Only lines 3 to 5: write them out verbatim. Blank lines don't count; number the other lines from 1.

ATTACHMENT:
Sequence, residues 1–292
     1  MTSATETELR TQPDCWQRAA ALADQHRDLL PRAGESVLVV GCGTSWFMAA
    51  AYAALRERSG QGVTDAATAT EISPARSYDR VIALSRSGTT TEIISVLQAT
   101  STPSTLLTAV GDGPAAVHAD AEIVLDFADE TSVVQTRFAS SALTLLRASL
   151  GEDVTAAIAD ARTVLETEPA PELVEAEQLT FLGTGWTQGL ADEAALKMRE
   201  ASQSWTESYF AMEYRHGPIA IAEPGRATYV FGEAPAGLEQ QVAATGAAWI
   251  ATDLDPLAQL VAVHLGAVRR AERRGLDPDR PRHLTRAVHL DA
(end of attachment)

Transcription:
    51  AYAALRERSG QGVTDAATAT EISPARSYDR VIALSRSGTT TEIISVLQAT
   101  STPSTLLTAV GDGPAAVHAD AEIVLDFADE TSVVQTRFAS SALTLLRASL
   151  GEDVTAAIAD ARTVLETEPA PELVEAEQLT FLGTGWTQGL ADEAALKMRE